Everybody deserves a chance to shine. That’s the goal of 13-year-old Nya Simoné, an eighth grader and avid bass and saxophone player from Detroit who wants to put the spotlight on talented inner-city youth. She’ll accomplish that with the first-ever Make US Known: We Lit! concert March 18 in Detroit, an event she organized to showcase young black singers, dancers, rappers and other artists.
“Inner-city kids usually don’t get talked about unless they’re good at athletics or they do something wrong,” Simoné explains. “But I think that it’s important that we show that that’s not the case. There are talented kids in inner cities and (talented kids) of color.”
Here’s what else she had to say about the concert – and what it’s like being an aspiring young musician.
How did you get the idea for the concert?
“Last summer I went to this summer camp called Motown EDU (at Detroit’s Motown Museum, where kids learned about musicianship). After the camp was over, I was like, ‘These kids are really talented. We need to have more stuff like this.’ So I came up with the idea of having my own concert.”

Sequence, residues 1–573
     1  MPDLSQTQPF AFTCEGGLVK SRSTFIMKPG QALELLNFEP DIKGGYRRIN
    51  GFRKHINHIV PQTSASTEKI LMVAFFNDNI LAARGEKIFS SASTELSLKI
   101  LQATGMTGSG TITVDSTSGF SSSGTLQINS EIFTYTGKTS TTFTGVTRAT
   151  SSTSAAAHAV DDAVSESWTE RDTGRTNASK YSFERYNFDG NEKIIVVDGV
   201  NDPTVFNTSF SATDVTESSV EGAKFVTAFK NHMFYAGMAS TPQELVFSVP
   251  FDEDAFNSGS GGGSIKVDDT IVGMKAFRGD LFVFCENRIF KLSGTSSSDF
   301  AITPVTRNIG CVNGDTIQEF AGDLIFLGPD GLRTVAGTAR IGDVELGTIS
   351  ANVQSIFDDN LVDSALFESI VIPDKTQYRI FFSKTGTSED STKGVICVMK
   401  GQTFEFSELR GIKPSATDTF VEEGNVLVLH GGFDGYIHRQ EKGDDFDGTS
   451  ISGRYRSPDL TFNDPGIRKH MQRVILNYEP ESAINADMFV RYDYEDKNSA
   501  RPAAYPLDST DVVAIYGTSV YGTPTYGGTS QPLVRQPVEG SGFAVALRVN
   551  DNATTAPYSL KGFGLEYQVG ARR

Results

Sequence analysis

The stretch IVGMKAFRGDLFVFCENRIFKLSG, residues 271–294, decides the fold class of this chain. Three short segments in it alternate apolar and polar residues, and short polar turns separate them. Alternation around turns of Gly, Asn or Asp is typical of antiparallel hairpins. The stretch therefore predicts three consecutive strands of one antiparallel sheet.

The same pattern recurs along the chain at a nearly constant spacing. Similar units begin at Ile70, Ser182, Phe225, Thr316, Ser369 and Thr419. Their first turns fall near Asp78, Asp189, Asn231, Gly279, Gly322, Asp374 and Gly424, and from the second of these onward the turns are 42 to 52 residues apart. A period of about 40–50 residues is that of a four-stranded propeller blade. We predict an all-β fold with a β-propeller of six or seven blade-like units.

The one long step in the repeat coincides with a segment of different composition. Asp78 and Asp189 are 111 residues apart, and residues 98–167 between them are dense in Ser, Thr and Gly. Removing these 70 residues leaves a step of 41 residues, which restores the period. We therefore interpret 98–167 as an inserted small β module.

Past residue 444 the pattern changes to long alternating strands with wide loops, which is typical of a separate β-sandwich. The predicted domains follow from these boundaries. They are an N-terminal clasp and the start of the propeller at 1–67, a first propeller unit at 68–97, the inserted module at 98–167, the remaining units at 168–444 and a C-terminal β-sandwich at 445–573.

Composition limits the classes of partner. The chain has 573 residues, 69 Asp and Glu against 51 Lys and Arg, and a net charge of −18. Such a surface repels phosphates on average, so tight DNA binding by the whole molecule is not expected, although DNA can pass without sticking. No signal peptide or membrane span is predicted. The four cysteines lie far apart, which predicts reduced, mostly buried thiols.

Why is it important to give kids a chance to perform?
“Because I know a lot of people have some type of talent, and they just don’t have an outlet to display their talent.”
How did you get into music?
“I first got into music when I was 9 or 10. I was in the Michigan Opera Theatre Children’s Chorus and I really liked it. My mom kind of pushed me to audition for the chorus and that’s where I found out that I really liked music.”
How does playing music make you feel?
“It relaxes me. Like if I’m really tense or I’m really stressed out, it helps me relax.”